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How big will the proposed jail/sheriff’s facility be and how much will it cost?


Size of the facility was determined by the amount of revenue available and construction costs. This 120-bed facility is more than double the capacity of the existing 52-bed jail, but the site allows for two 96-bed expansions in the decades to come. It includes offices for sheriff, jail, detective and road deputy personnel, as well as support staff, combining those operations under one roof for efficiency of operation. Costs increased significantly from initial estimates, leading to a total project cost, including equipping and furnishing the facility, of just under $24 million.

The county worked closely with architects to design a facility that:

  • enables the county to retire the existing inefficient, undersized and inadequately built 1984 jail;

  • allows it to house as many inmates as possible;

  • improves safety and security;

  • improves staffing efficiencies;

  • and allows for expansion.


The site and design should be able to accommodate two 96-bed expansions.

What is the 3/8-cent sales tax costing me?

A 3/8-cent sales tax adds just over a third of a cent to the cost of a dollar candy bar. For $20 worth of supplies at a store, it would add seven and a half cents.

What the new facility will do – and what it won’t do.


While the available funding allows the county to more than double the cell space, it won’t resolve all the issues related to boarding prisoners in other counties. A big part of this is the corrections requirements related to classification of prisoners and the trend toward more female prisoners, more prisoners being held for violent crimes, and the length of time they are held as their cases work their way through the court system.  A single crime can impact our numbers, as in a recent murder case involving numerous defendants who had to be separated.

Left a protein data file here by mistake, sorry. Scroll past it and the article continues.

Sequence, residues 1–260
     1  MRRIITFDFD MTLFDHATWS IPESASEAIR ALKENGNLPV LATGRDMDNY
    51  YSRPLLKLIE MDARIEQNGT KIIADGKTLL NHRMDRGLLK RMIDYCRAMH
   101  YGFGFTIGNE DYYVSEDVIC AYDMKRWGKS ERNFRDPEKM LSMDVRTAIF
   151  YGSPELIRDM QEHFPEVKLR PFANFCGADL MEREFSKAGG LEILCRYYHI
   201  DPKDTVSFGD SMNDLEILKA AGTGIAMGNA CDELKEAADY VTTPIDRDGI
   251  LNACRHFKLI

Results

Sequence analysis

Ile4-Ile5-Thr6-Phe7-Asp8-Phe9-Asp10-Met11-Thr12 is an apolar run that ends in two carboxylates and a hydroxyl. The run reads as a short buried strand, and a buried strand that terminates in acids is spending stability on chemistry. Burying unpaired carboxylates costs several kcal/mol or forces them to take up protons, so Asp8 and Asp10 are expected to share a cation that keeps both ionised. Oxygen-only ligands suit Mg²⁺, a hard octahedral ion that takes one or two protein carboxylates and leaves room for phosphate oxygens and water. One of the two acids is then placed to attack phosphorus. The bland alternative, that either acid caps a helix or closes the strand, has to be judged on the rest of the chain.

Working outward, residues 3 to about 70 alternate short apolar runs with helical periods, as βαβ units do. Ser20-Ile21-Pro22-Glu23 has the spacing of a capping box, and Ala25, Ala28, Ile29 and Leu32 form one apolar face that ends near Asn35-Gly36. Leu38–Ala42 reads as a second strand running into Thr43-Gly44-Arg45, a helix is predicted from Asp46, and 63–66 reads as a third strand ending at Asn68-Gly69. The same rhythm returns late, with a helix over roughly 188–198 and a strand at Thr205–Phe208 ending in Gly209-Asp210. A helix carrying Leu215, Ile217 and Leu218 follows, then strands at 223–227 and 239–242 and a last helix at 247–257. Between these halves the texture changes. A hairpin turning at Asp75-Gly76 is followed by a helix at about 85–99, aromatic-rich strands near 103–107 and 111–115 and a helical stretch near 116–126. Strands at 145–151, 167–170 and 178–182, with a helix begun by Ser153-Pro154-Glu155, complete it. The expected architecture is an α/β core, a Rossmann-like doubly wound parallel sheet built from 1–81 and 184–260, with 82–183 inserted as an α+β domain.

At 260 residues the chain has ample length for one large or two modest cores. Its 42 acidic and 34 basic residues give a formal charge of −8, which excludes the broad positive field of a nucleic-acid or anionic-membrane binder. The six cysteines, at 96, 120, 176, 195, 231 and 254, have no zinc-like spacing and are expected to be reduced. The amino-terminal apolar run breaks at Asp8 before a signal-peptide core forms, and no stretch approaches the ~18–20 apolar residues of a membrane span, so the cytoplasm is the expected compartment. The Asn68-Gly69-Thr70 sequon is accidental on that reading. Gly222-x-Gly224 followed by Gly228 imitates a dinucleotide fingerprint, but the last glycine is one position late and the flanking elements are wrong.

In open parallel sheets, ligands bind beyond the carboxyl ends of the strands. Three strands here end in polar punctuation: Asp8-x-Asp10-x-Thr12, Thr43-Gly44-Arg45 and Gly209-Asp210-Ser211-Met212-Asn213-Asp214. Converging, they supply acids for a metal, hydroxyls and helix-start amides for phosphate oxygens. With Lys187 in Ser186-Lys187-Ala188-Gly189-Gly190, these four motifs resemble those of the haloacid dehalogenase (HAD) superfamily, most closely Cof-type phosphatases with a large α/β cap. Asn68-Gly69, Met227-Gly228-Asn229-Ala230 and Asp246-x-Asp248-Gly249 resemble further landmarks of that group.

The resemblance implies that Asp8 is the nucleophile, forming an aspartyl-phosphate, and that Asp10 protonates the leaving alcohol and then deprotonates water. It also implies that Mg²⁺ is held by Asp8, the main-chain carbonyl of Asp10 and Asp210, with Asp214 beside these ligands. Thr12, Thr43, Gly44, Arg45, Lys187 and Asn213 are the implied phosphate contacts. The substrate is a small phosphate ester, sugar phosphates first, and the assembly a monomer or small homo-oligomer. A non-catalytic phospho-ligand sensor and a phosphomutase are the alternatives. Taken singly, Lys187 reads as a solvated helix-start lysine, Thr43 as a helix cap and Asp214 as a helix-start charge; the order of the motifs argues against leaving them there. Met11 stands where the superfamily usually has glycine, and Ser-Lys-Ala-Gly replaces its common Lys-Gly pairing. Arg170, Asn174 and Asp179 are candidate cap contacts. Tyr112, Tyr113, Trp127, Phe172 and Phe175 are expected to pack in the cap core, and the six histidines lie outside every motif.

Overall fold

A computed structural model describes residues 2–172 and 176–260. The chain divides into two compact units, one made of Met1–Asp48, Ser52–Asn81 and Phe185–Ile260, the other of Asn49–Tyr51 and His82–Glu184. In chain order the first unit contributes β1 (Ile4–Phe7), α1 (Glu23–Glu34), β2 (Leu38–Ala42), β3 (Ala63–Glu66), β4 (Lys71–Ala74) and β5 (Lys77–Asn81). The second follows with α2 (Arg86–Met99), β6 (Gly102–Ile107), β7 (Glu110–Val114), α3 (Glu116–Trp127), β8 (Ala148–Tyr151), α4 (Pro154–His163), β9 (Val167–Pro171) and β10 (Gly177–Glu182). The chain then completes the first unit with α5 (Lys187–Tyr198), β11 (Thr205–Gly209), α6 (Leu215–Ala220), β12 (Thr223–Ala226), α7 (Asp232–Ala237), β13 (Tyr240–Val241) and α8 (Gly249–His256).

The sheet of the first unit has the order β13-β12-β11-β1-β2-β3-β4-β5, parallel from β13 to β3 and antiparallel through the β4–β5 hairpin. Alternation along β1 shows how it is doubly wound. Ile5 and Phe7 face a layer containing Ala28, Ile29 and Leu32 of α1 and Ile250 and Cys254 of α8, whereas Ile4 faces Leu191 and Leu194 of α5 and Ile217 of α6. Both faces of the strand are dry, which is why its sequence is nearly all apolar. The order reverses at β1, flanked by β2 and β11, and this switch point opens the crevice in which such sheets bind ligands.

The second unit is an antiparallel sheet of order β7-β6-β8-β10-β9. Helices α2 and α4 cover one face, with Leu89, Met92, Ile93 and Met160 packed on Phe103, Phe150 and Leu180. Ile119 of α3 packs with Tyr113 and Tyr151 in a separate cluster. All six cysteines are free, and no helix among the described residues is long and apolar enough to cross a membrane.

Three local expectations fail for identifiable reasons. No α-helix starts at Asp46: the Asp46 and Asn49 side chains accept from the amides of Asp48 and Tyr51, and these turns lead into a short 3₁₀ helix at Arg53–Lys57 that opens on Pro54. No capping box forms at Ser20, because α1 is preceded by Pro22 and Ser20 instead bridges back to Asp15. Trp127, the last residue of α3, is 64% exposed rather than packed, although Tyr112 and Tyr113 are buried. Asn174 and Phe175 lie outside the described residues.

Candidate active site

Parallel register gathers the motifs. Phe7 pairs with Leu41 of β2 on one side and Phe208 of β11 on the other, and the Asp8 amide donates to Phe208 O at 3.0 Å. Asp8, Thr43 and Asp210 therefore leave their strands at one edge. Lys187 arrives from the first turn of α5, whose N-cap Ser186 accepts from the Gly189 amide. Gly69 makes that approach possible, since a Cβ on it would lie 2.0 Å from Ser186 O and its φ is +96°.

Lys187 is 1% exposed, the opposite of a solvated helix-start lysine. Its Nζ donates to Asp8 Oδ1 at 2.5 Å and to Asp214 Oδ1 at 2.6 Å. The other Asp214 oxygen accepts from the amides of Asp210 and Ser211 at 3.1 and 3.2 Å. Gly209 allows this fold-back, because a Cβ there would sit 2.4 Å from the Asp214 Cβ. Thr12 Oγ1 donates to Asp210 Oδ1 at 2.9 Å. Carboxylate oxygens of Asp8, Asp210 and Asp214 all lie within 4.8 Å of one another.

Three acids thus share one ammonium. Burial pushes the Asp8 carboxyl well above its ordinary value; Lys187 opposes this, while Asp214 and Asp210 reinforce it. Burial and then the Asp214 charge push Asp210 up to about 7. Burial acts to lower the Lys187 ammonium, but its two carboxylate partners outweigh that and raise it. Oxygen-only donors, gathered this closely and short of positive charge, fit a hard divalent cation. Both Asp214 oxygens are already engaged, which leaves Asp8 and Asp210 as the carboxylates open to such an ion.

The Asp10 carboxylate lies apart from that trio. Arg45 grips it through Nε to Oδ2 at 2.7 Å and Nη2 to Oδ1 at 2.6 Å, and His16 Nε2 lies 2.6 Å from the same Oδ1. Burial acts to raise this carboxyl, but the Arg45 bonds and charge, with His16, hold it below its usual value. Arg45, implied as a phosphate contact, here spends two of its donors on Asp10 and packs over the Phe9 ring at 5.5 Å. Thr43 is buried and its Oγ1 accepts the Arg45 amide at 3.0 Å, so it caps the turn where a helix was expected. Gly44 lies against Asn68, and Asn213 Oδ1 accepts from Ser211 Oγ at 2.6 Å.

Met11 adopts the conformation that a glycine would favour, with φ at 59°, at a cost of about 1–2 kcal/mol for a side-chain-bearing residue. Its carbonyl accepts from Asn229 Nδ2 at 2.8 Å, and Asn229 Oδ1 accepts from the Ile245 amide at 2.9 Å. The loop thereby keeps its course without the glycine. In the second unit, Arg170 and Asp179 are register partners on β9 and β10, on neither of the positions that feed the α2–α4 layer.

If projections of potential bed space needs in 20 years prove accurate, Lawrence County will need to expand in the future. But the design will make those expansions easier and more affordable – something the existing jail does not allow. The site and design should allow two 96-bed expansions in the decades to come.

The new facility should also:

  • provide a safer, more secure environment for staff and inmates alike;

  • be designed for efficient use of staff, which is crucial in this difficult labor market;

  • provide more pandemic-related safeguards;

  • bring law enforcement services under one roof rather than spread among three buildings, allowing for other efficiencies; and

  • provide ample room for expansion.




    • TEXT OF THE BID NOTICE: Lawrence County is seeking bids for the new Law Enforcement Center project. A pre-bid meeting is scheduled for 2 p.m. Wednesday, June 1, 2022, in the Historic Courthouse (second floor courtroom), 1 Courthouse Square, Mt. Vernon, Mo. Public bid opening will be June 21. Nabholz Construction Corp. will be accepting sealed bids for concrete, masonry, steel, carpentry, waterproofing, doors, glass, drywall, flooring, painting, specialties, detention equipment, food service equipment, laundry equipment, pre-engineered metal buildings, fire suppression, plumbing, HVAC, electrical, low voltage cabling, access controls, fire alarm, earthwork, asphalt paving, fencing, landscaping and utilities. Bid responses and inquiries should be sent to Nabholz Construction, Jarrett Sims, (Advertisement for bids with links)

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